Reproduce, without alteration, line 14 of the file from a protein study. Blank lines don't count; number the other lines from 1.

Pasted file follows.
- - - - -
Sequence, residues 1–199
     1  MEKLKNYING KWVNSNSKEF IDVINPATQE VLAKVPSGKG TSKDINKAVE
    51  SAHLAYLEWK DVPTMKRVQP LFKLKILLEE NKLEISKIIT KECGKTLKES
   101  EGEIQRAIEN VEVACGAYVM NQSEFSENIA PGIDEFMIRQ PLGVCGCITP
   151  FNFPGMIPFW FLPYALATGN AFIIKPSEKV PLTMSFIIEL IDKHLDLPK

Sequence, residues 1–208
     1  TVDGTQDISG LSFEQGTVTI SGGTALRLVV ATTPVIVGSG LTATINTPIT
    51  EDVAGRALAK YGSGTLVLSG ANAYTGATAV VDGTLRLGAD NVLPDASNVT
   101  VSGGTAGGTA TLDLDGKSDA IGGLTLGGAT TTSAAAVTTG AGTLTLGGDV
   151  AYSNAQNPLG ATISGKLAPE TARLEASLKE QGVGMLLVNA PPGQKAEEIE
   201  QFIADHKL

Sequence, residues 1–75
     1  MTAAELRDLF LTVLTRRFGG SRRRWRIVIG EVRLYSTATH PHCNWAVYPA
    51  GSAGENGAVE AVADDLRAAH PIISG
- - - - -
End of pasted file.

    51  GSAGENGAVE AVADDLRAAH PIISG